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Scripting is an integration mechanism with languages for statistical/mathematical computing. Scripting combines fast interactive visualizations and other features of the Datagrok platform with thousands of statistical packages and visualizations available in R, Python, Octave, Julia, or JavaScript.

Each script should have a header that contains some metadata, along with the information on input and output parameters. See all available header parameters. Each line starts with a comment.

Let's take a look at a simple R script that returns a square of the input parameter:

#name: RSquare
#language: r
#input: double x
#output: double result

result = x * x

In order to register a script, open Functions | Scripts | New R Script, paste the code above, and click Save. Congratulations, you've just written and published an R script! At that point, it is only visible to you. You can also make it available to the whole community! To do that, right-click on script's name in the Scripts part of the left panel and select Share..., then type in All Users and confirm. (You may want to uncheck the Send notifications box).

Use Console to execute it. Simply type <YOUR_USER_NAME>:RSquare(3):

 > RSquare(3)
result: 9

The syntax for invoking the scripts is the same, regardless of the language used. In the same way, you can call Grok Functions. See Grok Scripting for more details.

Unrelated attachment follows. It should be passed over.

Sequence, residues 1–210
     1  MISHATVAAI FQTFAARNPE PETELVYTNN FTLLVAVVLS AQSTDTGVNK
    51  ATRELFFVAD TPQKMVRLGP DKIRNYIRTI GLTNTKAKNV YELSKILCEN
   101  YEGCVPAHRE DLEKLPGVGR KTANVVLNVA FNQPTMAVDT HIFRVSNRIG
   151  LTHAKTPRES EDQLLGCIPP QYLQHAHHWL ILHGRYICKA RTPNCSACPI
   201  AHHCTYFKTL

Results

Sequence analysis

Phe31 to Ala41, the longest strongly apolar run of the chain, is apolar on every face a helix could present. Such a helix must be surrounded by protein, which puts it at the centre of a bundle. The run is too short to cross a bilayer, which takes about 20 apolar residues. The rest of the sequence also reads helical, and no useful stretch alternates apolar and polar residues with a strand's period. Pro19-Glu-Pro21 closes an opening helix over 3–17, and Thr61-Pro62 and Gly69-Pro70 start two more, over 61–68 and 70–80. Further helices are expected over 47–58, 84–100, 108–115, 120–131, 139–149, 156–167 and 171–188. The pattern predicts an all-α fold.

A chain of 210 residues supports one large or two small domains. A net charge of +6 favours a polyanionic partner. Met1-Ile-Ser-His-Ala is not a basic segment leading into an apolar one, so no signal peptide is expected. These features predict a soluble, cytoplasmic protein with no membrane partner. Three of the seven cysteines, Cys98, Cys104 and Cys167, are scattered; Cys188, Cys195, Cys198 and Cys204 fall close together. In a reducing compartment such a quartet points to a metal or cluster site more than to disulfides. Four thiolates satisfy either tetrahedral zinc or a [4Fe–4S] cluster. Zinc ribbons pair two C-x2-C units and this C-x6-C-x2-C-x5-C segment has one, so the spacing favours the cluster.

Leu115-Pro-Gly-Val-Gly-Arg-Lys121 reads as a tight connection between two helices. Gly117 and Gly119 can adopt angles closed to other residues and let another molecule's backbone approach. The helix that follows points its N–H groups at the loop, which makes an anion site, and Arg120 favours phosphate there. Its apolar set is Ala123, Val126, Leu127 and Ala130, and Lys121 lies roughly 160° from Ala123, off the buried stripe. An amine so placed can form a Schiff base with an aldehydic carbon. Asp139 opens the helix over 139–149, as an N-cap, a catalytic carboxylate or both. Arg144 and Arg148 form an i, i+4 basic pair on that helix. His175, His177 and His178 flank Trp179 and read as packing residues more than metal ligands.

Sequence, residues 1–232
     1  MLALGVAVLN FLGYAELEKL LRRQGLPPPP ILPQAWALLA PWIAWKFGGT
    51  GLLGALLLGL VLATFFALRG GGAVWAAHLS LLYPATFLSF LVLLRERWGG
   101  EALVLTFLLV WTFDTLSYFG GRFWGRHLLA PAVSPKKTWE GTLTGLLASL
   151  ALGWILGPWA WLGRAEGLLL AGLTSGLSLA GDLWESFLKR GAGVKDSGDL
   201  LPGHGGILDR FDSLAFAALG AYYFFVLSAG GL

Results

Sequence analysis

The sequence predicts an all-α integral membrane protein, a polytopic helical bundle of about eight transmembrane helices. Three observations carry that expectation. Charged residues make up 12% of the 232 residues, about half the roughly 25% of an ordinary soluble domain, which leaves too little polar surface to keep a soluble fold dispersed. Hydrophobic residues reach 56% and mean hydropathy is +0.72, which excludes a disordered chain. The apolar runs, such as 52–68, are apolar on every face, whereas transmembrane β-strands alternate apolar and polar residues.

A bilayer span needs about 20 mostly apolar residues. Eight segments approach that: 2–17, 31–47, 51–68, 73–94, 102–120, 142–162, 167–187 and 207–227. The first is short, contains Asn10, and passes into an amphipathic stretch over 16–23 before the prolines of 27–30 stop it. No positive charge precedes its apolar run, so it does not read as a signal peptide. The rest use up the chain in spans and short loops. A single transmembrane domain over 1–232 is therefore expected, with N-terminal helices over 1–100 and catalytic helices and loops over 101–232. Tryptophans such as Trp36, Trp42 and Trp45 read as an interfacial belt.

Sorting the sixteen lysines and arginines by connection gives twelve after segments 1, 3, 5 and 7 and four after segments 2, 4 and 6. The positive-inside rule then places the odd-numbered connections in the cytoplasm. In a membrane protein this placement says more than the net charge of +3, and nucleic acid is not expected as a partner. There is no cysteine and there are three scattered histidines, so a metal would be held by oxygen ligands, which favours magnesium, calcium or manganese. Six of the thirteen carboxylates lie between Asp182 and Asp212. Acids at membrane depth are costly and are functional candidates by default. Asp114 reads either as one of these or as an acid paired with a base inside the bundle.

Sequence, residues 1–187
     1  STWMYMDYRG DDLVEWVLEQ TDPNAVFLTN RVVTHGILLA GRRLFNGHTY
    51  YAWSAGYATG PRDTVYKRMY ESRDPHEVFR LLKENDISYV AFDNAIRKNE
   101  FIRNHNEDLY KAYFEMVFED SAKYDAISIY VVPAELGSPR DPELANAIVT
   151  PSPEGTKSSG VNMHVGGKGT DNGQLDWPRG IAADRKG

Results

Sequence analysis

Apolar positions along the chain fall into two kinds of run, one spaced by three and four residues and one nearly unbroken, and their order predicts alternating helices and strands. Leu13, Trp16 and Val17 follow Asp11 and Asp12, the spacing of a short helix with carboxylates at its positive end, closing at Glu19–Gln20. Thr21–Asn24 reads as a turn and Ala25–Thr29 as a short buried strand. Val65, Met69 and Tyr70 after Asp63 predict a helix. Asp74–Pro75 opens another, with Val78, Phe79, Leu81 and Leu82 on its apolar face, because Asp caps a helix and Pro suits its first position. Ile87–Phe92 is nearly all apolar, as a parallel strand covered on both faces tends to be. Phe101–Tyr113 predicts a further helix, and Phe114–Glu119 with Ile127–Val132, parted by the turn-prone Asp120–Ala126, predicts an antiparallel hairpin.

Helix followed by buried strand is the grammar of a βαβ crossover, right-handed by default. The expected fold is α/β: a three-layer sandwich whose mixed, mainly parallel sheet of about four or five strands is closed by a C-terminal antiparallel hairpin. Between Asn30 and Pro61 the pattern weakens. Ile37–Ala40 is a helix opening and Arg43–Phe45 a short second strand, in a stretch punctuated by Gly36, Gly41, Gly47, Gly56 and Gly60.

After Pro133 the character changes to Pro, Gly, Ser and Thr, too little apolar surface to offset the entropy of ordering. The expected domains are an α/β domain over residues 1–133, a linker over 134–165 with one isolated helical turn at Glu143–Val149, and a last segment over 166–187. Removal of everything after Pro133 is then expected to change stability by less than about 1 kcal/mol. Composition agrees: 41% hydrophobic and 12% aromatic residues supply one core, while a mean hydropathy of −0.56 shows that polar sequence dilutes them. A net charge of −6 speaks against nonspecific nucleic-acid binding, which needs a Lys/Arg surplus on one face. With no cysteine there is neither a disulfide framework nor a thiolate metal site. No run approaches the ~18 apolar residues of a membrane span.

Output values validation

Datagrok functions return zero, one or more typed arguments. Any single run of the function shall always return as many output values as specified in the header, all having corresponding types. It is expected that the output values would be assigned throughout the script code, so that they are defined by the end of the script. If for some reason this doesn't happen, the two things will follow:

  1. The unset output values would still be returned, but valued as null-s.

  2. A warning Output value ${} was not set will be print to Datagrok Console (open it with Ctrl-~).

In this script the value c3 is missed to be set:

#name: TestMissingInputsR
#language: r
#output: int c1
#output: int c2
#output: int c3
c1 <- 12
c2 <- 15

Running the script produces the following output to the console:

Output value c3 was not set
c1: 12
c2: 15
c3: null

We recommend using the Datagrok Console while validating your scripts.

Running a script

First of all, a script can be executed right from the script editor (see picture below).

Other ways involve saving the script as a part of a package. In this case, it gets registered in the platform as a function, and can be invoked in different ways:


When a function is invoked with no explicitly specified parameters, a dialog is shown. The UI is automatically generated by creating editors for each parameter. Depending on the metadata associated with the parameters, the editor can be enriched by validators, choices, and suggestions. Validators, choices, and suggestions are functions, that means they can be implemented in different ways (db query, script, etc), and reused.

Registered scripts can be called via JavaScript API in the following manner:`${packageName}:${scriptName}`, { params });

To see it in action, open this code snippet from our samples gallery. There you can find more examples, such as adding a progress indicator to the user interface.

Scripts that have multiple output parameters may require a different approach. The method returns only the first output value, thus, in order to get all of them, you should work with a function call: